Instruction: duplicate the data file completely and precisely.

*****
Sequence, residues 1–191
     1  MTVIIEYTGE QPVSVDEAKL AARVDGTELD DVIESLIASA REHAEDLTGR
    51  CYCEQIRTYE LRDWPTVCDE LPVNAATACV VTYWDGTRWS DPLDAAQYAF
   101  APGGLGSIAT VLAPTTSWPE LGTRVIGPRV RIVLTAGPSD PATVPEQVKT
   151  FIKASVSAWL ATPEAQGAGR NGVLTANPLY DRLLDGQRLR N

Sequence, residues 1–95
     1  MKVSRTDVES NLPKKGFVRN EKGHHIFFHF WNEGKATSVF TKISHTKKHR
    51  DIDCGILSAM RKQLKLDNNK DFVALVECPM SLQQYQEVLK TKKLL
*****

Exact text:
Sequence, residues 1–191
     1  MTVIIEYTGE QPVSVDEAKL AARVDGTELD DVIESLIASA REHAEDLTGR
    51  CYCEQIRTYE LRDWPTVCDE LPVNAATACV VTYWDGTRWS DPLDAAQYAF
   101  APGGLGSIAT VLAPTTSWPE LGTRVIGPRV RIVLTAGPSD PATVPEQVKT
   151  FIKASVSAWL ATPEAQGAGR NGVLTANPLY DRLLDGQRLR N

Sequence, residues 1–95
     1  MKVSRTDVES NLPKKGFVRN EKGHHIFFHF WNEGKATSVF TKISHTKKHR
    51  DIDCGILSAM RKQLKLDNNK DFVALVECPM SLQQYQEVLK TKKLL